Reflection is an essential component of service-learning. Reflection helps students make connections between their service experiences, their academic coursework, larger social issues, and personal development. Common forms of reflection are writing (such as journal entries or essays) and discussion, but reflection can be done in many different ways.
We offer the following resources for faculty, students, and community partners to use in the reflection process. We encourage students to use these for personal or out-of-class reflection, and we encourage faculty and community partners to use these as resources in facilitating reflections. Some of these documents are oriented toward reflection facilitators, but students can use them as well. Resources marked with an asterisk (*) are oriented toward reflection facilitators and are least likely to be of use to students.
Catholic Social Teaching Reflection (PDF , DOC)
This offers spiritual topics for reflection, adapted from Catholic Social Teachings. This may be especially helpful for ethics, theology, and philosophy reflections.
Electronic Journaling: Using the Web-Based, Group Journal for Service-Learning Reflection by Steven D. Mills (PDF )*
This article describes the use of web-based group journals as an alternative to individual private journals for service-learning reflection.
FACE Assessment (PDF , DOC)
This is a reflection on Facts, Assumptions, Challenges, and Expectations to prepare oneself for a new service experience.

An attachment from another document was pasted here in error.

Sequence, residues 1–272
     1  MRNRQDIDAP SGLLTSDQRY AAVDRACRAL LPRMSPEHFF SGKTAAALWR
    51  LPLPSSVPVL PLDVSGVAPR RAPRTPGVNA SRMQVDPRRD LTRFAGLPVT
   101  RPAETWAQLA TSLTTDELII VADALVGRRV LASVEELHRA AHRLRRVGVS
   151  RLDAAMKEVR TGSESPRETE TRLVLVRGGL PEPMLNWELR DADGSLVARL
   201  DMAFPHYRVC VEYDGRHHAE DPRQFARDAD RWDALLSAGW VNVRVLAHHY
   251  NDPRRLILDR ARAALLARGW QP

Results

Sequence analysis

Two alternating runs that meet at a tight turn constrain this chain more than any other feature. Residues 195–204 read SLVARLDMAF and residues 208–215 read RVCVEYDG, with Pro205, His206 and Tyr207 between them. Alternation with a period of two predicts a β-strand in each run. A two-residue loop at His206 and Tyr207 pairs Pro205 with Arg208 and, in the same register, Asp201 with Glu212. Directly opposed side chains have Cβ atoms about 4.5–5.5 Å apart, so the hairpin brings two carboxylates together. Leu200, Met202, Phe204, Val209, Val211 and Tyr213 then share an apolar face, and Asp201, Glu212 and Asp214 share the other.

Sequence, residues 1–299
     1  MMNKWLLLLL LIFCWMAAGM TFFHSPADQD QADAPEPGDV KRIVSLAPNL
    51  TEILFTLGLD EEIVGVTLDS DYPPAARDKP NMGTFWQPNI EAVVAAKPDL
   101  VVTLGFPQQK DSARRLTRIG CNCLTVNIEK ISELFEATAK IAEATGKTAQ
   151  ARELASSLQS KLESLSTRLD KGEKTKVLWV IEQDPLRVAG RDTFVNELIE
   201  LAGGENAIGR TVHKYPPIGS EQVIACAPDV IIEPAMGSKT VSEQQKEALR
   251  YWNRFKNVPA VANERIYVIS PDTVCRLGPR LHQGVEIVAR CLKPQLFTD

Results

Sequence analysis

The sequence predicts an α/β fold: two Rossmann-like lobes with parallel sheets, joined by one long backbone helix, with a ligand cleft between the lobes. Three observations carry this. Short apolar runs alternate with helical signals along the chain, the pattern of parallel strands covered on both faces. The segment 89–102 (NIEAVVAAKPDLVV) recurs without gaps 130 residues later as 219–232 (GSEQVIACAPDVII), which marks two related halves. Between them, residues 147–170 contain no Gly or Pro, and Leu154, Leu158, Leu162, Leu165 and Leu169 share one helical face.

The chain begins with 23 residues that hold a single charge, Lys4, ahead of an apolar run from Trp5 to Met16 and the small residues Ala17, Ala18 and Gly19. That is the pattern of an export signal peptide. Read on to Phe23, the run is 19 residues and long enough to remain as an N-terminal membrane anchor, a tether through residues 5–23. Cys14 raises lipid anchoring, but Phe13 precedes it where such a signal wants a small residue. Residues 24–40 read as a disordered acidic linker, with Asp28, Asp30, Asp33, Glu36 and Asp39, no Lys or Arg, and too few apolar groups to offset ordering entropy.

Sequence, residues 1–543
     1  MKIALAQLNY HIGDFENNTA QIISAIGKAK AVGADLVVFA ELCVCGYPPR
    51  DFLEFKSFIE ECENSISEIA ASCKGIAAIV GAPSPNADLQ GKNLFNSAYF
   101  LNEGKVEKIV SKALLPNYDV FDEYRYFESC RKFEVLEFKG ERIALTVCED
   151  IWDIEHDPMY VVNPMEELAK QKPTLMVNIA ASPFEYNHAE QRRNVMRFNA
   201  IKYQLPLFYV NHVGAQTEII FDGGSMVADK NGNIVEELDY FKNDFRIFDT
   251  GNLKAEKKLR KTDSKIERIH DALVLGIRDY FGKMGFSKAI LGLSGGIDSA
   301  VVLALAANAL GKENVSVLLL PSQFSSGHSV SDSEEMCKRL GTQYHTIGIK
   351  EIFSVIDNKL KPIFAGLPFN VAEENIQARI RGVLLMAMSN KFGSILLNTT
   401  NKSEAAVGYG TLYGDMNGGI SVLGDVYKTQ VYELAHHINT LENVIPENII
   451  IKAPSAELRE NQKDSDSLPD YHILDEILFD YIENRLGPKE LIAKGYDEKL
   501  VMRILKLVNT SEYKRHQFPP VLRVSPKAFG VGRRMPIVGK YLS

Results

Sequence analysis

Facilitating Reflection: A Manual for Leaders and Educators by Julie Reed and Christopher Koliba (HTML )*
This is a useful and comprehensive guide for reflection facilitation.
General Reflection Activities (PDF , DOC)*
This contains the "What? So What? Now What?" activity and other interactive group reflection activities.
How Do You Define Service? (PDF , DOC)
This is a way to examine one's personal definition of service. This is an excellent group activity.
Modes of Rhetoric from Kerrissa Heffernan, Brown University (PDF , DOC)*
This explores different rhetorical modes that can be used for reflection.
O.R.I.D. Model of Reflection (PDF , DOC)
This format for guiding reflection presents students with increasingly complex questions. O.R.I.D. stands for objective, reflective, interpretive, and decisional.
Preflection Questions (PDF , DOC)
These sample questions can be used as a preflection before a service experience.
Reflection in Service Learning: Making Meaning of Experience by Robert G. Bringle and Julie A. Hatcher (PDF )*
This article offers a philosophical basis for reflection, different forms of reflection, ways of assessing reflection, and outcomes of reflection.
Reflective Writing (PDF , DOC)*
This describes the benefits and types of reflective writing and offers sample activities.
What? So What? Now What? (PDF , DOC)
This presents a reflection question format (What? So What? No What?) with sample questions.
Boise State: Reflection
Boise State University has a good section on reflection, with a description of its importance and many sample questions and formats/activities.
Campus Compact: Reflection *
This web page is a resource for educators on using structured reflection.
*These documents are oriented toward reflection facilitators and are less likely than the others to be useful for students.